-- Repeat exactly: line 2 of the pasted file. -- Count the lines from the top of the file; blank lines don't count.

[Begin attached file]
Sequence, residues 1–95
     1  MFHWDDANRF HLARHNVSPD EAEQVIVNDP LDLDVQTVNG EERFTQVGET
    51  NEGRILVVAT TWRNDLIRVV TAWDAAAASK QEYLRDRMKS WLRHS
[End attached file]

     1  MFHWDDANRF HLARHNVSPD EAEQVIVNDP LDLDVQTVNG EERFTQVGET